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Discussion Starter · #1 ·
The thread on German-Styled WWll helmets and the conversation going with it got me to thinking about the various things we -some - riders adorn themselves with in order to either send a message, make a statement, or whatever. Clearly, the general public is confused by the meaning of some of the things we put on our bikes or wear, whether it be our patches, helmets, get-back whips (for some), jewelry, chains, boots, etc. Some on this forum will certainly disagree or find some of these Motorcycle Cultural icons to be ridiculous or unnecessary, but regardless of your thinking, there are many iconic vestiments of our Motorcycle Culture worth exploring, discussing, or showing off. You can start with your vest, jacket, handlebars, whatever.

So, that said, what do you have on either your bike or yourself when you are riding that "says something"?
 
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Discussion Starter · #2 ·
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Discussion Starter · #4 ·
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As little as possible even though I rub elbows and get invited on rides and get togethers by a couple MC clubs even our 1% Club. I stick out like a sore thumb around these guys, but that doesn’t stop either me or the guys from having fun.
 

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Only patches I have on my vest is my Canadian Pride and my favorite whiskey; if I could find a patch that say's "Glenlivet" I would probably sew that on as well...:LOL:
I have a JD emblem and JD stickers on my Chieftain also.
That's all for me.

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Prudence, justice, temperance, fortitude. Items that have true meaning to some are just “I bought it to look cool” to others, which is ok, but the poser may not know or does not care that there is deeper meaning or a real purpose (aside from a get back whip) to some things that they adorn themselves with, so it becomes a joke. Many wear the “costume” to fit in, without knowing most of the pirate gear is functional and has a purpose, which is in itself funny as they are wanting to fit in to a group that is supposedly trying hard not to fit in. I think as long as people are true to themselves and authentic in their choice of a piece of jewelry, a patch, or a trinket for their bike, it’s all good. You cannot tell the posers from the true believers anyway (unless they are sporting a get back whip), and there is room for all.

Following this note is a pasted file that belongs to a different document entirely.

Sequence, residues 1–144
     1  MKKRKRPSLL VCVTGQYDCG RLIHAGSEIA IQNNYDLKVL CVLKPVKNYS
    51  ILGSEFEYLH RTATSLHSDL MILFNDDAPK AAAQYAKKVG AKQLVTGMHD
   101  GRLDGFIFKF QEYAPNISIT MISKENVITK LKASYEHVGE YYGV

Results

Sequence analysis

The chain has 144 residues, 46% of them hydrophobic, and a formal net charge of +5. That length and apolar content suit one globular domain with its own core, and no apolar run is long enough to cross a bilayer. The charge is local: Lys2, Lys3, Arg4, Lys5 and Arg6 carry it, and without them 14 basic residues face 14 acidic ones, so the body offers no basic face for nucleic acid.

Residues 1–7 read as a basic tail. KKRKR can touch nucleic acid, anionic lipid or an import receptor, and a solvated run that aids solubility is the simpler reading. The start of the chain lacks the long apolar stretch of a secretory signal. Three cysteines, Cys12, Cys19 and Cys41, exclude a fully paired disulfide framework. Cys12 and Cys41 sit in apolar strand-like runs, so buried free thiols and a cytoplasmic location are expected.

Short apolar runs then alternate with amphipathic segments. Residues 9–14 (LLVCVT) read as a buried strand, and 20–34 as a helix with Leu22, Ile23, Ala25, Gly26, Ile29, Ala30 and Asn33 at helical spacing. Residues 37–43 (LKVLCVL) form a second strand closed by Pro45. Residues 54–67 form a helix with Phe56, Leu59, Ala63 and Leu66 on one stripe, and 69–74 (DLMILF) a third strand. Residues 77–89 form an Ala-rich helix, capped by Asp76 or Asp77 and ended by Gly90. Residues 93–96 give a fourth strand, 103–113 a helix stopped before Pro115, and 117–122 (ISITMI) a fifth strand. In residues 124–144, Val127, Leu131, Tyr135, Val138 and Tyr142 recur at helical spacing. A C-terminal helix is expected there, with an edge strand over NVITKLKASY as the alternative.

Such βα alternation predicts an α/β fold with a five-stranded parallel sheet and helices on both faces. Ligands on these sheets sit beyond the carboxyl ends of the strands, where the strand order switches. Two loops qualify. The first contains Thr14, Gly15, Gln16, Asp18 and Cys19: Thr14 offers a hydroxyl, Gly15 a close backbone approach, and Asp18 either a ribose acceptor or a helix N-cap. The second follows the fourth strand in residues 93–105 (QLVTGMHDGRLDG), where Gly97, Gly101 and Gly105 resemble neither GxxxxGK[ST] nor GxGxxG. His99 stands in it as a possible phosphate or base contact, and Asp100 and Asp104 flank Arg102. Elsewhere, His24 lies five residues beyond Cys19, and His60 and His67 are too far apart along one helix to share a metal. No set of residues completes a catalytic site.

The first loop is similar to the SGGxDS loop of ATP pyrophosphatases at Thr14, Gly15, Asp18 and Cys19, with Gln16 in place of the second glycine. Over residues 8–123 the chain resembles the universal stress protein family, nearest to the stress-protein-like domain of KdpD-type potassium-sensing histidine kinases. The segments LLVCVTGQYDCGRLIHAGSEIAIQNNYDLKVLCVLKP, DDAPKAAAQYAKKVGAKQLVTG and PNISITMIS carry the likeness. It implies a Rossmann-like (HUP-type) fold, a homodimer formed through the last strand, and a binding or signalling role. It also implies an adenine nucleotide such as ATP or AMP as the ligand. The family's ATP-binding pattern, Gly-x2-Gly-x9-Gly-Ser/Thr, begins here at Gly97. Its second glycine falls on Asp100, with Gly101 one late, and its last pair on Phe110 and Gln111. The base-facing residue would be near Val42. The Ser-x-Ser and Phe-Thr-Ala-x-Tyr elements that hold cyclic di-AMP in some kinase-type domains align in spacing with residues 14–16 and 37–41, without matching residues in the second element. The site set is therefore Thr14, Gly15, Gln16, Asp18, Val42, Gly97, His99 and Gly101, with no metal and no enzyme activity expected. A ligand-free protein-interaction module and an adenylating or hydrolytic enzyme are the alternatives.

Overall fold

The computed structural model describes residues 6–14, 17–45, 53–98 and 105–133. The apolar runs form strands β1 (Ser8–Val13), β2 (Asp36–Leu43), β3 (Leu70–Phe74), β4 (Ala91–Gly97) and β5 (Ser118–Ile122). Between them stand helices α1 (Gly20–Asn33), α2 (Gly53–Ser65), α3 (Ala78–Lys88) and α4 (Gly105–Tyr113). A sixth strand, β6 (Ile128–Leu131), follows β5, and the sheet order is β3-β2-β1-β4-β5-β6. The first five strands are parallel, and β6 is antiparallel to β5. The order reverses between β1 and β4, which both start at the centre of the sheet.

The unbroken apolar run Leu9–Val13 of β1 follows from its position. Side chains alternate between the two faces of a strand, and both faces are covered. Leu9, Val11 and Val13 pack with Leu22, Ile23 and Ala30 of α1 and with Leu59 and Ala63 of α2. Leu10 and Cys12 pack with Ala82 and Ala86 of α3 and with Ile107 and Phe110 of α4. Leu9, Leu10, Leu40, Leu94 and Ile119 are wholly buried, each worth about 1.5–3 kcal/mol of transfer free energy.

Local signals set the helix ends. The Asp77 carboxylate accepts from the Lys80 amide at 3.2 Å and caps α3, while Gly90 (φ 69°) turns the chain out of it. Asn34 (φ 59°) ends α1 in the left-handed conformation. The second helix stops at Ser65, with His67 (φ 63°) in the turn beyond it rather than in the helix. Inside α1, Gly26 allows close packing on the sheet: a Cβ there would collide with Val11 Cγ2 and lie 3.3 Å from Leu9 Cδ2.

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Discussion Starter · #9 ·
Prudence, justice, temperance, fortitude. Items that have true meaning to some are just “I bought it to look cool” to others, which is ok, but the poser may not know or does not care that there is deeper meaning or a real purpose (aside from a get back whip) to some things that they adorn themselves with, so it becomes a joke. Many wear the “costume” to fit in, without knowing most of the pirate gear is functional and has a purpose, which is in itself funny as they are wanting to fit in to a group that is supposedly trying hard not to fit in. I think as long as people are true to themselves and authentic in their choice of a piece of jewelry, a patch, or a trinket for their bike, it’s all good. You cannot tell the posers from the true believers anyway (unless they are sporting a get back whip), and there is room for all.
All that is true, but true believers keep their judgements to themselves. A person’s character rides before him or her and is remembered long after they have ridden off.
 

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The thread on German-Styled WWll helmets and the conversation going with it got me to thinking about the various things we -some - riders adorn themselves with in order to either send a message, make a statement, or whatever. Clearly, the general public is confused by the meaning of some of the things we put on our bikes or wear, whether it be our patches, helmets, get-back whips (for some), jewelry, chains, boots, etc. Some on this forum will certainly disagree or find some of these Motorcycle Cultural icons to be ridiculous or unnecessary, but regardless of your thinking, there are many iconic vestiments of our Motorcycle Culture worth exploring, discussing, or showing off. You can start with your vest, jacket, handlebars, whatever.

So, that said, what do you have on either your bike or yourself when you are riding that "says something"?
I always take both middle fingers with me when I ride. They can be deployed as needed at a moments notice. ;)